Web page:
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Cohort study
Preoperative treatment with β-blockers is associated with elevated postoperative mortality and cardiac morbidity in patients with uncomplicated hypertension undergoing non-cardiac surgery
  1. Duminda N Wijeysundera1,2,3
  1. 1Li Ka Shing Knowledge Institute, St. Michael's Hospital, Toronto, Ontario, Canada
  2. 2Department of Anesthesia, Toronto General Hospital and University of Toronto, Toronto, Ontario, Canada
  3. 3Institute of Health Policy Management and Evaluation, University of Toronto, Toronto, Ontario, Canada
  1. Correspondence to : Dr Duminda N Wijeysundera, Li Ka Shing Knowledge Institute, St. Michael's Hospital, 30 Bond Street, Toronto, Ontario, Canada M5B 1W8; d.wijeysundera{at}utoronto.ca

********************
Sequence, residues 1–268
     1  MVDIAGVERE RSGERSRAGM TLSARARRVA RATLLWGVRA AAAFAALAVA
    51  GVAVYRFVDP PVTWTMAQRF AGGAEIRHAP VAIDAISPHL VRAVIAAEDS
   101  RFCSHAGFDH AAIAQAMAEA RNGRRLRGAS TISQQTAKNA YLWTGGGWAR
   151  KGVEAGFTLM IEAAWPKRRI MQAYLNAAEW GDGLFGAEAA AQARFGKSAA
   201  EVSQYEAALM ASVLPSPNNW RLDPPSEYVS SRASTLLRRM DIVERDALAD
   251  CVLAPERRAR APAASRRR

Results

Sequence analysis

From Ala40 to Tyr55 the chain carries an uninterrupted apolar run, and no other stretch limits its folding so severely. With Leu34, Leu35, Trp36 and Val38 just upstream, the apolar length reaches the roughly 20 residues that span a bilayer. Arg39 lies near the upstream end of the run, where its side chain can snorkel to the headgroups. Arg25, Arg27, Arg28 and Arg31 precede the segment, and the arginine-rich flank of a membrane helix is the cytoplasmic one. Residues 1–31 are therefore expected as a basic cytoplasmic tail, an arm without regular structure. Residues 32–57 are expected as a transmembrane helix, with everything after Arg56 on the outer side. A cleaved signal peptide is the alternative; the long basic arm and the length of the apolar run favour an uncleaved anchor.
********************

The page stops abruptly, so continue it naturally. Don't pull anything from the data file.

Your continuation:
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Context

The role of β-blockers in preventing cardiovascular complications of non-cardiac surgery is controversial. Early enthusiasm was dampened by accumulating trial data and concerns about the scientific validity of several trials. When studies with uncertain validity are excluded, meta-analyses of randomised trials show that perioperative β-blockers (started within 1 day before surgery) prevent postoperative myocardial infarction (MI), but increase the risks of stroke and death.1 This Danish nationwide cohort study evaluated the association of long-term preoperative β-blocker treatment with mortality and cardiac morbidity after non-cardiac surgery in patients with uncomplicated hypertension.

Methods

Population-based healthcare databases were used to …

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